After more than two decades of talk about the convergence of entertainment and telecommunications, Spain’s Telefonica became Europe’s first telecom to launch a massive premium scripted drama slate. Telefonica premiered “Velvet Collection,” a romantic drama centered on a high-fashion house, on Sept. 7, via pay-TV platform, Movistar Plus.

Indeed, of national pay-TV players in Europe, only Sky in the U.K. may match Movistar Plus’ production volume as it unleashes three original series this year and plans on 10-11 in 2018.

“Velvet Collection” is a sequel to TV series “Velvet,” which helped persuade Studiocanal buy into its producer, Madrid’s Bambu Producciones, and Netflix to commission from the shingle its first Spanish original series.

“The Zone,” a crime thriller from brothers Jorge and Alberto Sánchez-Cabezudo — creators of one of Spain’s very few pay-TV series, “Crematorium” — will bow in October. It is followed by “Spanish Shame,” a pioneering — for Spain — “Curb Your Enthusiasm”-style sitcom about a cringe-inducing Spanish couple.

In January, Movistar bows “The Plague,” the first TV series in official selection at the San Sebastián Film Festival, from Alberto Rodriguez (“Marshland”). Six-part series is a political crime thriller set in a spectacular but corrupt 16th century Seville. It is budgeted at €10 million ($12 million), three times the cost of average Spanish series.

Telefonica-Movistar Plus’ commitment to TV content and high-end series is clear. In 2014, Telefonica bought Canal Plus, Spain’s biggest pay-TV operator, for $1 billion.

Last September, Luis Miguel Gilpérez, president of Telefonica España, announced that Movistar Plus was plowing $84 million into the development and production of 12-15 scripted series over 2017, and $36 million more for Movistar Plus channel Canal 0.

Why Movistar Plus is driving into high-end TV series is another matter.

“We need to be different from telecom competitors, which is hard to achieve in the rest of the telecom market where mobile and fiber connections are highly regulated,” Gilpérez says. “Where there’s growth potential and a large capacity to achieve that differentiation is TV.”

Anti-trust regulation introduced after the Canal Plus buy obliges Movistar Plus to share acquired premium content — think soccer — with its telecom rivals in Spain. That restriction does not apply to original productions, however.

Certainly, Spain has pay-TV growth potential. Only about 35% of Spanish households have pay-TV. But the market could double pay-TV penetration to 70% or 80% by 2020, Gilpérez says.

But the Canal Plus subscription base never really caught fire.

“Premium-priced pay-TV has not been successful in Spain, a country where piracy is very high,” notes María Rua Aguete, at research and analysis firm IHS Technology.

Telefonica is convinced that growth can be achieved by what Gilpérez terms a “democratizing” of TV: Offering TV at highly attractive rates bundled with fiber-optic broadband and mobile telephony — commodities Spaniards are certainly prepared to pay for.

“People have to sense that they’re missing out on something if they don’t subscribe to Movistar Plus.”
Domingo Corral

In a first step, on July 7 Telefonica announced two new basic package offers, both bundled with broadband and advanced mobile telephony and priced at $54-$68 per month (Movistar Fusion #0, for weekly series) and $72-$86, Movistar Fusion Series, which allows full-season binging).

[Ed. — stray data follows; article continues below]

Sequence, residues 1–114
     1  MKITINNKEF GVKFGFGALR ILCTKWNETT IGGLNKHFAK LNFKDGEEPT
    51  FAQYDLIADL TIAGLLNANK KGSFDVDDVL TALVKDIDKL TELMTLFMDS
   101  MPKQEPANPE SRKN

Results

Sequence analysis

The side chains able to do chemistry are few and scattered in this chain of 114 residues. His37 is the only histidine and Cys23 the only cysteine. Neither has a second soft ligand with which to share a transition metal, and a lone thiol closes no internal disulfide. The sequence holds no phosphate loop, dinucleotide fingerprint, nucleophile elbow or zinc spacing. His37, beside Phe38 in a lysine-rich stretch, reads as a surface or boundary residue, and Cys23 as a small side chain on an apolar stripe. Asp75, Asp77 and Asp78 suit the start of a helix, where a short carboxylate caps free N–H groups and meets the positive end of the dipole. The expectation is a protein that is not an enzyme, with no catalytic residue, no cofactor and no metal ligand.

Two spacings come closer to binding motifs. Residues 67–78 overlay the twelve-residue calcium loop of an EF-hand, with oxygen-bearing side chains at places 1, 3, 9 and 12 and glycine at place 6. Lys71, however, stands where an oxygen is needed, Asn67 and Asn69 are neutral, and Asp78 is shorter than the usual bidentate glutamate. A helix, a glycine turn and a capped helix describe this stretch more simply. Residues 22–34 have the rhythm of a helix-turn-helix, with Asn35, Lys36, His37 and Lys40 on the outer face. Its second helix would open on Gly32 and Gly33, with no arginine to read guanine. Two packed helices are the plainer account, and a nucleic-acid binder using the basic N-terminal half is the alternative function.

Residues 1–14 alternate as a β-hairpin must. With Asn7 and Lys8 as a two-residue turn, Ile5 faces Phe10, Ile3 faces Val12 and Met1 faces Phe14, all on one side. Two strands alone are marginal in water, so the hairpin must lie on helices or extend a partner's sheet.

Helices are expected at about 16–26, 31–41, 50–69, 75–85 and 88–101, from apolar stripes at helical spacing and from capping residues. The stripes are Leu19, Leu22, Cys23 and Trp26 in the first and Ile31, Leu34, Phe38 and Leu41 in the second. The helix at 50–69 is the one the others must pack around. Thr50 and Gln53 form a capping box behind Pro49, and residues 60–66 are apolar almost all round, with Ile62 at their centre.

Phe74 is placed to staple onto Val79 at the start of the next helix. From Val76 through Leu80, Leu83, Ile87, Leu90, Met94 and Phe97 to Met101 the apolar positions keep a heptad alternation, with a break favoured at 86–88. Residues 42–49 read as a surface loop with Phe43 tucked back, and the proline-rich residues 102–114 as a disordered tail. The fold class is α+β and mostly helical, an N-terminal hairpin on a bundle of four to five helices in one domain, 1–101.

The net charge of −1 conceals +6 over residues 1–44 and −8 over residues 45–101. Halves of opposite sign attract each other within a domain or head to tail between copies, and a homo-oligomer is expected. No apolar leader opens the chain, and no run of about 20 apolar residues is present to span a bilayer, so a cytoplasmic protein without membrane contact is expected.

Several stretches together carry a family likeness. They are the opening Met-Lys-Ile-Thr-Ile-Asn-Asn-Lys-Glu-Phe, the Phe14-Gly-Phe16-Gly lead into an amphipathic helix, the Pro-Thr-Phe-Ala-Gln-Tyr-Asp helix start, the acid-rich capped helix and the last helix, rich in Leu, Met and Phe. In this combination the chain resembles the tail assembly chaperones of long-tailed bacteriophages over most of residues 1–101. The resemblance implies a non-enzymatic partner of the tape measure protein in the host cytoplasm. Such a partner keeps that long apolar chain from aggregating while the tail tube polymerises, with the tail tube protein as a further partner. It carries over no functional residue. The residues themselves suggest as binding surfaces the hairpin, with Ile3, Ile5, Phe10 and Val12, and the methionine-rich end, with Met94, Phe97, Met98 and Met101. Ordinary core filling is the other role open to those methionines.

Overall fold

Movistar Plus’ original series mark a revolution for Spain in their business model.

They also represent a sea-change, anticipated in part by select series made for free-to-air TV, in the kind of scripted drama being made in Spain.
The “most radical change,” says “Velvet Collection” producer Teresa Fernández-Valdés, is that the original series are made at international standard lengths of 50 minutes, not the 70 minutes or more of Spanish free-to-air series.

“Respecting creators’ visions,” says Fernández-Valdés, Telefonica’s original series also target audience segments, rather than traditional made-for-all audiences fare of Spanish free-to-air networks. “That’s marvelous, opening up the possibility of offering content not only to traditional audiences but maybe younger viewers who no longer watch free-to-air or linear TV.”

“The quality of some series in Spain is already very high. So it’s not a question or being better or worse but different,” says Domingo Corral, Movistar Plus original fiction director.

That comes from a combination of traits, he says.

“The dramas have a cinematic look and high production values,” according to Corral.

Shot in 170 locations with two units, “The Zone” is “hyper-realist,” delineating a post-nuclear accident area down to the last detail while character arcs constantly evolve, says Jorge Sánchez-Cabezudo.

“The key cost with series is time,” Corral says.

Average shoot time on a Movi-star Plus series is two weeks per episode.

The Cabezudos took a year-and-a-half to write “The Zone.”

The series are also “very character-driven, not plot-driven,” says Corral. Every character is thought through thoroughly, he says.

Movistar Plus will also make Spanish series at a volume that no other operator, including Netflix, is likely to match.

“People have to sense that they’re missing out on something if they don’t subscribe to Movistar Plus. Four series a year are just drops in the ocean,” Corral says.

Gilpérez adds: “This is just the beginning of a very long journey.”

The biggest question is whether Movistar Plus series will click. In that, San Sebastian, for decades an arbiter of the best in Spanish cinema, may have an early but indicative say.